Monday, December 07, 2015

Glengarry Glenn Beck

I am not surprised that David Mamet's latest play CHINA DOLL is being trashed by critics. David Mamet has lost it and this is the kind of thing you would expect from someone who has lost it:
What are we to make of these bizarre later Broadway endeavors by the man from Chicago who wrote some of the greatest dramas of the 20th century? Are they soupcons? Digressions or meditations yet to be understood? Anarchistic jabs of defiance at the hyper-liberal, perpetually self-examining theatrical establishment with its committees, action groups and abiding impotence? Neocon jokes by about the only right-of-center scribe in the universe? A desire for more checks made out to David Mamet?
What? What?

David Mamet's endeavor is bizarre because he has lost it. That's what what, Chris Jones of the Chicago Tribune. 

I've been building a case for this for several years now.

Come back, come back, wherever you are, David Mamet. All is forgiven (even “Race”) if you will just quit jerking us around on non-plays like “China Doll” and get a grip. There’s material for maybe a one-act in this overblown character study of a power broker whose sins are about to catch up with him. But even with Al Pacino putting him through his emotional paces, this tarnished titan is going through hell in a vacuum, with no one to play off but unheard voices on the other end of the telephone.
Mamet's gone, Marilyn Stasio. He's lost it. He's not only become conservative, he's so far out there he's a guy who pals around with famous paranoid nutcase Glenn Beck and has been that way for years.

Some of the critics did get off some funny lines. David Cote in Timeout:
Like most people these days, I go to the theater so I don’t have to see or think about Donald Trump. Yet here’s Al Pacino, with goofy hair and a monstrous ego, spewing two hours of bullshit as pugnacious, self-righteous moneybags Mickey Ross. His is not just any B.S., however: David Mamet has scripted this dramatically desiccated pencil sketch, in which Ross sweet-talks, wheedles and vituperates his fiancĂ©e, lawyer and political enemies via Bluetooth. Have you ever had the desire to watch Pacino at home, arguing all morning with AppleCare Plus? You are in luck.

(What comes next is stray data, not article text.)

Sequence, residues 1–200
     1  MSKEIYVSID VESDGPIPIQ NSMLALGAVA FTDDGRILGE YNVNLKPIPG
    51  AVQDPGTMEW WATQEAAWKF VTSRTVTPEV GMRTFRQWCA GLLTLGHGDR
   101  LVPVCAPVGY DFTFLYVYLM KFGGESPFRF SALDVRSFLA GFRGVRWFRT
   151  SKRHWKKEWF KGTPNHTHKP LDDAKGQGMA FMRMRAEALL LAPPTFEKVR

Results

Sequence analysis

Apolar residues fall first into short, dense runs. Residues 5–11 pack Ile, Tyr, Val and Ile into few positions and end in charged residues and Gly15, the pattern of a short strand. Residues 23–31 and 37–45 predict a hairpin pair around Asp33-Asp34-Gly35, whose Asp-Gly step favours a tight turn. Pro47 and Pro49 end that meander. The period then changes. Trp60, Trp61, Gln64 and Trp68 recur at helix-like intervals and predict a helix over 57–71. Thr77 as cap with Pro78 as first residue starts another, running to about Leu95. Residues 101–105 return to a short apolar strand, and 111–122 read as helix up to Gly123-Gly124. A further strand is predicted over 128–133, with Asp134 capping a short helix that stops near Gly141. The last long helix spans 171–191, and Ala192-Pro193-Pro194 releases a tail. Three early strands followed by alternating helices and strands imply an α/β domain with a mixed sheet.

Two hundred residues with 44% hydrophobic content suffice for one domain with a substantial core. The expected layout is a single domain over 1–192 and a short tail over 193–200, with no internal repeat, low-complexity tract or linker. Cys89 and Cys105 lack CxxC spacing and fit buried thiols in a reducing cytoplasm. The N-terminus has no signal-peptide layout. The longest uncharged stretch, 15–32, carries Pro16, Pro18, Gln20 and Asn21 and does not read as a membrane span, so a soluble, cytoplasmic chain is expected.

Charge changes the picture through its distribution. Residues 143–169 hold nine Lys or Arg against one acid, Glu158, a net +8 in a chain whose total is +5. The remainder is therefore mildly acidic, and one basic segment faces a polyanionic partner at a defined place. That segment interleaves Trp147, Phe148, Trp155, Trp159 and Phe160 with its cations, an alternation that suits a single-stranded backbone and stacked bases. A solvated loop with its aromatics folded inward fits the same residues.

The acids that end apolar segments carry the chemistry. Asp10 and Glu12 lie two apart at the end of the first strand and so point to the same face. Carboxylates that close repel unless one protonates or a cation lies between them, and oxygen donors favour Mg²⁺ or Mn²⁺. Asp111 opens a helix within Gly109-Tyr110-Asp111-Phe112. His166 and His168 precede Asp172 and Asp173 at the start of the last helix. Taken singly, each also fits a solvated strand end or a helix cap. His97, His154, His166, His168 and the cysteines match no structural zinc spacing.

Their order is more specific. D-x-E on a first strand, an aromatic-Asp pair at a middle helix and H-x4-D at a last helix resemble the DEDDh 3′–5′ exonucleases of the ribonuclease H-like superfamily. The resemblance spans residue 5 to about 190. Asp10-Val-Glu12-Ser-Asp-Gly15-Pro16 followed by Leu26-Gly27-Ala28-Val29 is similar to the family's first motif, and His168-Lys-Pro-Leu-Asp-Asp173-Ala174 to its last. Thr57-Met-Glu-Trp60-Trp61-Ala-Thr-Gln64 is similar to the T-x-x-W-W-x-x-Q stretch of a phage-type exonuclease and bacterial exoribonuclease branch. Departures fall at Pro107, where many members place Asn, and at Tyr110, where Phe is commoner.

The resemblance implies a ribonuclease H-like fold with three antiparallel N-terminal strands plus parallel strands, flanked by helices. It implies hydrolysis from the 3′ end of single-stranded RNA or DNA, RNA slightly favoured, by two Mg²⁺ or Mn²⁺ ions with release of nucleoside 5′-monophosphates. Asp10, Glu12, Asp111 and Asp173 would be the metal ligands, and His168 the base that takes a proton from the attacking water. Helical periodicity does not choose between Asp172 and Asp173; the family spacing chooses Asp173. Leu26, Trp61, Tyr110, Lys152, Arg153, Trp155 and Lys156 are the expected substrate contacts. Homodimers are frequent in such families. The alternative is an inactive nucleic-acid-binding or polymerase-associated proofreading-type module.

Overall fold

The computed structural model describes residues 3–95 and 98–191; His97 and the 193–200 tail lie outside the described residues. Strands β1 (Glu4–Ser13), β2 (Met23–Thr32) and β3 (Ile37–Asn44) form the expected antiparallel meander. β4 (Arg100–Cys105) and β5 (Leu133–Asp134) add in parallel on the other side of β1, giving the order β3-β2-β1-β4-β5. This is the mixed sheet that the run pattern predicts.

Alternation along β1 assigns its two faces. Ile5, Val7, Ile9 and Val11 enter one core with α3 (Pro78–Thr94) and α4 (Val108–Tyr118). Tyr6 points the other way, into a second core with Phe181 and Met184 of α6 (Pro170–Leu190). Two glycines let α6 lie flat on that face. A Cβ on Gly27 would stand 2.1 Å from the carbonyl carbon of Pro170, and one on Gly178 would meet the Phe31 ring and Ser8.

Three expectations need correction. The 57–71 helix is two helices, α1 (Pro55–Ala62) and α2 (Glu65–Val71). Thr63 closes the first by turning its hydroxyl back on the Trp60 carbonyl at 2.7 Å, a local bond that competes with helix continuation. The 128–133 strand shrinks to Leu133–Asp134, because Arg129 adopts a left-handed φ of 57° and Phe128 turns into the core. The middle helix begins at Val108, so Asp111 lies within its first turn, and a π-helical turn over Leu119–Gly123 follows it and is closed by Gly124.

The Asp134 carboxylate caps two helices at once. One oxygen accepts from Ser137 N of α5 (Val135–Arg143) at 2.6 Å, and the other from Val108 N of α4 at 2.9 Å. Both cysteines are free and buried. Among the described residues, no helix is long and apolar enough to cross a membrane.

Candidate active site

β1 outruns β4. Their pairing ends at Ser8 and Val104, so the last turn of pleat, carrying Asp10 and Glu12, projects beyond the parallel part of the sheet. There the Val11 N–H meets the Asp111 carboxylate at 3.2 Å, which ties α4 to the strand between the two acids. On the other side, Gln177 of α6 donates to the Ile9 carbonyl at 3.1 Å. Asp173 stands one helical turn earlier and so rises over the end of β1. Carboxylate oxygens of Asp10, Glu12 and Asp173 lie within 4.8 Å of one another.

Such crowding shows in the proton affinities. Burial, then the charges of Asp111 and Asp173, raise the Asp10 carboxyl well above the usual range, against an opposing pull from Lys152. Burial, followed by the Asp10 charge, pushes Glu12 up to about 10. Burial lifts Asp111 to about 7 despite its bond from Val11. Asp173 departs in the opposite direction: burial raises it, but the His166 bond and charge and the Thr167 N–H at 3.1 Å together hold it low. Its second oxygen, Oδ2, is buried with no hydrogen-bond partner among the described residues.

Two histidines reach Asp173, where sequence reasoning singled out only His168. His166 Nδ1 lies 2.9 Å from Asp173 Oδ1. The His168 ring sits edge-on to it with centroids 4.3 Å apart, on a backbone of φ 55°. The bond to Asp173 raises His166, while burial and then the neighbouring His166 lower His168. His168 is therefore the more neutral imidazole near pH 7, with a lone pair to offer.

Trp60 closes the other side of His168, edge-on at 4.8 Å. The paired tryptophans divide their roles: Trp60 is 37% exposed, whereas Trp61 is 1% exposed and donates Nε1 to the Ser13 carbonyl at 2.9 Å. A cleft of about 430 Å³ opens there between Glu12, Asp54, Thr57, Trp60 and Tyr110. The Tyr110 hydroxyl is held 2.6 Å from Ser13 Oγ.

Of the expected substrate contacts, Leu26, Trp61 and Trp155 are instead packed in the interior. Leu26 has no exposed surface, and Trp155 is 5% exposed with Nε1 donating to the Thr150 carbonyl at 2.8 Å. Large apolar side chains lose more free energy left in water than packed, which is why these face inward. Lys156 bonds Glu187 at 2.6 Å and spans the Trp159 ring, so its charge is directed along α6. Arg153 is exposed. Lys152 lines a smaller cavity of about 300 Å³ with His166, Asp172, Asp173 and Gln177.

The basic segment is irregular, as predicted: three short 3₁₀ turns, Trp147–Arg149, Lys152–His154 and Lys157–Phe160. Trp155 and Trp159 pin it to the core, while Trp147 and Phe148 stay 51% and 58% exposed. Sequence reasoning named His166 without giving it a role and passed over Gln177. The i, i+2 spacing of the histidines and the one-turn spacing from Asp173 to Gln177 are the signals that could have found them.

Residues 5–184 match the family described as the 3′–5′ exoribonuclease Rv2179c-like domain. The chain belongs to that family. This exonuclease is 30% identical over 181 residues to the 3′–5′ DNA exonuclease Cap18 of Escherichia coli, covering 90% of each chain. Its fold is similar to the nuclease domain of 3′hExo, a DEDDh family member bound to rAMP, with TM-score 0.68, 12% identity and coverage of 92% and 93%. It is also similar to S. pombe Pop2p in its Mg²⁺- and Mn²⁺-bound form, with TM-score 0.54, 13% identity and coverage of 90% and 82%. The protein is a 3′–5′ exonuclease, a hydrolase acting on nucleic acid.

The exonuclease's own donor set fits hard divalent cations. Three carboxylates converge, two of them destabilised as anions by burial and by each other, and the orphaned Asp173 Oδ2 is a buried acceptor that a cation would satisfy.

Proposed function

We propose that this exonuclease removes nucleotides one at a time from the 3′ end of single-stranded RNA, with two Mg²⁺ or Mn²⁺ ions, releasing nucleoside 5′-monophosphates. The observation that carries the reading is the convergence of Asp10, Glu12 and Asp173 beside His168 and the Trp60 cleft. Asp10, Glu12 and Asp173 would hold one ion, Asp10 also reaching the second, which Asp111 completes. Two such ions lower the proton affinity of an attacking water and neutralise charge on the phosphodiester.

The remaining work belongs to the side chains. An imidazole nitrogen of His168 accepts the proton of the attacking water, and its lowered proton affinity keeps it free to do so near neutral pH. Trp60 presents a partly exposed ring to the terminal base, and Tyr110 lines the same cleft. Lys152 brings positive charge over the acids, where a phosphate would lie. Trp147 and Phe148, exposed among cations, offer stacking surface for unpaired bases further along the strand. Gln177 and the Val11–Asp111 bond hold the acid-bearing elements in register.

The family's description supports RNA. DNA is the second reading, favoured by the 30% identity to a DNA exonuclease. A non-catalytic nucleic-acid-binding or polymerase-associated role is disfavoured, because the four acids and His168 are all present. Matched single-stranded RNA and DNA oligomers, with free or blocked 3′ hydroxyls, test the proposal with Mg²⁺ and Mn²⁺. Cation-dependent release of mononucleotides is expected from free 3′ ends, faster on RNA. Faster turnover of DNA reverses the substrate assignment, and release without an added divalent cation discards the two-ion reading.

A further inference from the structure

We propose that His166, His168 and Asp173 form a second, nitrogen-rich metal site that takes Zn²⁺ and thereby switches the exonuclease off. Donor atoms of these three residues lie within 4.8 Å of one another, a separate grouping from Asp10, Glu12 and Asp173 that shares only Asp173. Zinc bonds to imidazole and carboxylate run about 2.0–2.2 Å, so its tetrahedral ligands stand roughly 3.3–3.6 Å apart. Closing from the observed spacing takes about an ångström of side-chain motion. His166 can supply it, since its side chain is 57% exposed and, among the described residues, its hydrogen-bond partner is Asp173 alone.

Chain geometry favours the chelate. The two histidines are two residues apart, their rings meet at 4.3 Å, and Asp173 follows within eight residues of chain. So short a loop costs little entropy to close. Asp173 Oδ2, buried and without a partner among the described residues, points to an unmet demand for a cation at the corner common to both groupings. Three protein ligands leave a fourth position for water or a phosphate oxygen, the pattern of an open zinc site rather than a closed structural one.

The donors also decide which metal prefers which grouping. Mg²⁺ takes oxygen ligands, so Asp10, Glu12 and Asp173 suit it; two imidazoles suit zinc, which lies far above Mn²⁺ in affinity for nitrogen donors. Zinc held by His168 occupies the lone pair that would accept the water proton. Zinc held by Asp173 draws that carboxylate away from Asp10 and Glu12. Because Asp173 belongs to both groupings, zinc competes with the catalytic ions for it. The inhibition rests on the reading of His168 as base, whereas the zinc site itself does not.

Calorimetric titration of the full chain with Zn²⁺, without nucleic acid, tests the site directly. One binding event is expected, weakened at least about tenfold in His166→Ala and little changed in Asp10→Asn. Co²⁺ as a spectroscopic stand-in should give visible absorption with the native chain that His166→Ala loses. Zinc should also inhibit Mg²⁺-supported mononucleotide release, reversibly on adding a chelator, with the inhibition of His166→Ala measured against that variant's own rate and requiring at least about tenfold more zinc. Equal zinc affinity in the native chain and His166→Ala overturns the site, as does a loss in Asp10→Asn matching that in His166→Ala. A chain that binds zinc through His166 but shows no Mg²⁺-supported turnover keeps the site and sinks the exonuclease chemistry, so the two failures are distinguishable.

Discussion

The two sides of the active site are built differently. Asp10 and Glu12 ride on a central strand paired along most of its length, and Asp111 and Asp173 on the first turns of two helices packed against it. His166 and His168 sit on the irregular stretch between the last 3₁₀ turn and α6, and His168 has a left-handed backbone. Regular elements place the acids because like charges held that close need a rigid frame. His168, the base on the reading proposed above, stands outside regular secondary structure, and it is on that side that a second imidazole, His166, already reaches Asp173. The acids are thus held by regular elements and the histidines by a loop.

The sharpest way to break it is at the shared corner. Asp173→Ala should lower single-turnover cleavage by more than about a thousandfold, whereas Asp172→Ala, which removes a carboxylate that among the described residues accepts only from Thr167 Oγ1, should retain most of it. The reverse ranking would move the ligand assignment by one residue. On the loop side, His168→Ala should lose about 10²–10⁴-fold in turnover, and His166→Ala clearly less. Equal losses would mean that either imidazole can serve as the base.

I have yet to find any evidence that Mamet is a fan of Donald Trump, but I would not be surprised. Joe Dziemianowicz in the Daily News was even funnier:
David Mamet said his new play, written for frequent muse, Al Pacino, would be “better than oral sex.”
Oral sex? “China Doll” is not even better than oral surgery.
At least for that sort of medical procedure you get painkillers. And it’s not a complete waste of time and money. “China Doll” — henceforth “China Dud” — is both.
Pacino is Mickey Ross, who’s on his cellphone for three-quarters of the show. Not the stuff of great drama. And if we wanted to be entertained by one-sided conversations, we’d watch Lily Tomlin in “Laugh-In” reruns.

But only Jesse Green in New York Magazine really discusses the right-wing lesson Mamet is trying to teach us:
Mickey, whatever his flaws, is after all the hero, and Pacino plays him as such, with great good spirits and glamour. (In Jess Goldstein’s black duds and his own parted-curtains hairstyle, he looks like a chic undertaker.) The villains here are regulation, big government, and the foolish populace that tolerates one and elects the other. This libertarian underpinning is slightly obfuscated so as not to offend the audience outright, and anyway Mamet’s vituperation remains funny, even if it has switched sides. Wondering how the governor, a Democrat to judge from his rhetoric, would even know the “people” he rhapsodizes, Mickey says that “the only time he ever saw them they were waxing his car.” 
But eventually you can’t help facing the fact that Mamet has built what plot there is around the hypocrisy and venality of liberal politicians; the story is rigged to make Mickey, of all people, a victim.
"You weak and unacceptable woman, homosexual, African American, go away, I do not want you."
"But, does no one see that we are people, too . . . ?"
So apparently Mamet feels it's OK to present a plutocrat as a victim so that we can sympathize  - plutocrats are people too.

Of course Mamet doesn't have the self-awareness necessary to recognize his own hypocrisy. Because David Mamet has completely lost it.